Contractor damaged my counter tops, her insurance company is only covering ACV, how do I get the rest paid for?
3 attorney answers
Whether the insurance company is right or wrong legally (I believe wrong; were you to win the lawsuit you would recover funds to make you whole), your last question hits the nail on the head. They are squeezing the settlement out of you, knowing that it likely isn't worth $500 to you to put time into litigating against them on the nature of the damage. You can't justify paying an attorney of $500, and the time lost in a dispute has a lot of value.
That said, I would fight back. Tell them that they are wrong on how damages are calculated. Tell them that you will not settle for anything less than the amount it costs to actually replace the counters. Indicate that if they do not settle, you are going to proceed to sue the contractor. Further indicate that as part of that lawsuit, you are going to give the contractor all the ammunition he needs to be able to go after the insurance company for failure to negotiate in good faith. The insurance company is going to spend a heck of a lot more that $500 defending any lawsuit, even in small claims court.
Barring that, I would also recommend that you get the contractor into the discussion. Tell him that his insurance company isn't covering the whole replacement, and that you aren't going to settle for less than the full replacement cost. Indicate that you will take the insurance money provided that he personally pays the $500 difference. Either that, or he needs to personally get on the phone with the insurance company and push them to pay the full amount.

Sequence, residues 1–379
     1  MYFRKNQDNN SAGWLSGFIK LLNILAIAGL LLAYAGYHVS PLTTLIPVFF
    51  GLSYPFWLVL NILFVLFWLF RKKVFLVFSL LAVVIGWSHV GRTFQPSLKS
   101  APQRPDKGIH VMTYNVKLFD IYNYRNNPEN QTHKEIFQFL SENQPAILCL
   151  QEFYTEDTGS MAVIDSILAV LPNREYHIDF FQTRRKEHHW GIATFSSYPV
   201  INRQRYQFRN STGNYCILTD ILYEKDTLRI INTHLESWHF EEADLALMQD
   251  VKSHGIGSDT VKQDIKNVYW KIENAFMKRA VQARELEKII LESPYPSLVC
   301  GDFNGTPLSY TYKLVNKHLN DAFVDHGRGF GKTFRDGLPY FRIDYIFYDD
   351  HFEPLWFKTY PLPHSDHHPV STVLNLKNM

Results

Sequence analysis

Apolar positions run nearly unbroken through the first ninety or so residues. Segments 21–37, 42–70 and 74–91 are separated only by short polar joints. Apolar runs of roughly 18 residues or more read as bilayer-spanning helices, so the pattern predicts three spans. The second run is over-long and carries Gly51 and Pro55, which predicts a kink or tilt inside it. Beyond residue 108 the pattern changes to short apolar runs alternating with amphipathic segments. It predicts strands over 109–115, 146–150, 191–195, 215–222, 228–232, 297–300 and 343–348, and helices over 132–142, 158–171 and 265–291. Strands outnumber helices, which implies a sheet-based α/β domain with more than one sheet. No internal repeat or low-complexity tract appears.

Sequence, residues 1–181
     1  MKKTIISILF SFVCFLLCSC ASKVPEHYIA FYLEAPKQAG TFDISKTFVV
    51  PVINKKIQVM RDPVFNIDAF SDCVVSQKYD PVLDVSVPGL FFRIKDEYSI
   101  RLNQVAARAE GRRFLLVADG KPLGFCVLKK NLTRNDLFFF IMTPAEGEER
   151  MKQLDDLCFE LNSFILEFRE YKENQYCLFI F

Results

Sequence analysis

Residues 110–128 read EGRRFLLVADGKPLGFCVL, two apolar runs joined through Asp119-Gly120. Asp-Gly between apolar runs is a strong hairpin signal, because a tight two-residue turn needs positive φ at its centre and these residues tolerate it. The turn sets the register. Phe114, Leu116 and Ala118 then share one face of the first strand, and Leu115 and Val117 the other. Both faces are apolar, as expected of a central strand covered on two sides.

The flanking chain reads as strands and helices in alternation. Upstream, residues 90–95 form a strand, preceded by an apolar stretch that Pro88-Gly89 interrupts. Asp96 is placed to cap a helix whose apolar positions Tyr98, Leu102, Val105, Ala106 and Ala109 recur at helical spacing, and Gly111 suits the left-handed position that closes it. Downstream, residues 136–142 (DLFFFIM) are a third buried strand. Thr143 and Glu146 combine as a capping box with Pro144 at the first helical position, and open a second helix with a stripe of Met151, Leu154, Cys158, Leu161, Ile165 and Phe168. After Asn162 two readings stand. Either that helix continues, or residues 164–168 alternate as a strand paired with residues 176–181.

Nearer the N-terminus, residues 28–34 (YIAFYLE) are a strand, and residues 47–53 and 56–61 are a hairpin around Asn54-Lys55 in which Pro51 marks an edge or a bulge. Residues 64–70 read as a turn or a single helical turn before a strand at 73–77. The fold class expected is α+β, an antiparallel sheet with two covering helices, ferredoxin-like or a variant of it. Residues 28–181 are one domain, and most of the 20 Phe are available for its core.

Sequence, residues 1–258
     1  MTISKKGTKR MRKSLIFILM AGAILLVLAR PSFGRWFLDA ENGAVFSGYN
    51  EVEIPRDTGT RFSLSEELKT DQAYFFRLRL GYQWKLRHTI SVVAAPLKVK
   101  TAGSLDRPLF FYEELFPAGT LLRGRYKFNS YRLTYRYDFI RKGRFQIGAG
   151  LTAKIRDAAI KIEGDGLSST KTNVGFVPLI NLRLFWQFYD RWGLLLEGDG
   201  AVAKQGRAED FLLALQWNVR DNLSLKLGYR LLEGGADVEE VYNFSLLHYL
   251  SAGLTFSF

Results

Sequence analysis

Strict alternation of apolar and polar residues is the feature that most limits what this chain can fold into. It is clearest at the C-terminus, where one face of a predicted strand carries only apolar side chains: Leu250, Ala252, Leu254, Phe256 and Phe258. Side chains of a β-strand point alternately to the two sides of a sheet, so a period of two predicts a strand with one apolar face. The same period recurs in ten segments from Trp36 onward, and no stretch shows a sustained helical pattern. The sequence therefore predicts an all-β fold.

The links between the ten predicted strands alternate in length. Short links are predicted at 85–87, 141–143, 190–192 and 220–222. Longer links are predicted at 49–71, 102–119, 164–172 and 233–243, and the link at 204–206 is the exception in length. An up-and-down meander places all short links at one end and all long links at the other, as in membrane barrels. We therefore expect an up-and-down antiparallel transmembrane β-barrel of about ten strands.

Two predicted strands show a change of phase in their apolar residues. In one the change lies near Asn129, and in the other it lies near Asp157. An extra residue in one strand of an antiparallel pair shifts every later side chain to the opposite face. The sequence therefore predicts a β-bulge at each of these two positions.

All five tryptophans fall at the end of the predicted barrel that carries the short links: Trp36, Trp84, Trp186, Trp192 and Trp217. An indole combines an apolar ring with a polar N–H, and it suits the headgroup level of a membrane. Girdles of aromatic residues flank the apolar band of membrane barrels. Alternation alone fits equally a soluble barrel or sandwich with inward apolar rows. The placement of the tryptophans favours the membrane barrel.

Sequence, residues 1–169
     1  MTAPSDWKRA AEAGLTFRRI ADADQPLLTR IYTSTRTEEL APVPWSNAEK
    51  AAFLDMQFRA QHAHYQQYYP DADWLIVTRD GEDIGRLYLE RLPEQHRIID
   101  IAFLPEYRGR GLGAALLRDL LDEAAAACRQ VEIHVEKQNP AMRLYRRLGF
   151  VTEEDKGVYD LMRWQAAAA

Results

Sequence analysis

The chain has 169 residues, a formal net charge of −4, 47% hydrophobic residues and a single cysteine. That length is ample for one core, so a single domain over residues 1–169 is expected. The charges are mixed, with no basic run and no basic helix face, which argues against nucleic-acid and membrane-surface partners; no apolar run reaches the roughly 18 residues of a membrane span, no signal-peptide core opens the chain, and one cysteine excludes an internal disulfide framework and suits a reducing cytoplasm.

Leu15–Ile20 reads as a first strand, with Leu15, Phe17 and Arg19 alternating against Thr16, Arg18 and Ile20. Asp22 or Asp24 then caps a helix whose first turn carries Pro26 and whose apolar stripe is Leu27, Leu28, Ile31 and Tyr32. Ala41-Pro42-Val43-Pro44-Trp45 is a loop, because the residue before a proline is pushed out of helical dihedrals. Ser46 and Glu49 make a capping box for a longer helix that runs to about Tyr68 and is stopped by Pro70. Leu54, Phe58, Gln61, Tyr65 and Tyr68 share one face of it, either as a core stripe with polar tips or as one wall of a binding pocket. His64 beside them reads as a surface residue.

Don't let them push you around. That insurance adjuster knows how to squeeze money out of the settlement. Push back. If the contractor is not going to step in and pay the additional amount, the threat of some bad reviews online can go a long way to make someone move.
You are entitled to be put back in the position you were in before it happened, if you can prove your case. You can file a lawsuit in small claims court. You may have some costs involved, and the result may not be what you think it should be. But it might be worth a try. It is really a business decision based upon the facts of your case and your tolerance for dealing with the hassle of fighting them. Some would just eat it but others would fight it.
This response does not constitute legal advice and does not create an attorney-client relationship. Legal problems and solutions depend on their unique facts. Due to the complexity and ever-changing nature of the law and to the limitations of this forum, this information may not be complete or adequate for your specific situation. Laws and regulations often differ from one jurisdiction to another. Mark E. Barbour practices in the State of Ohio.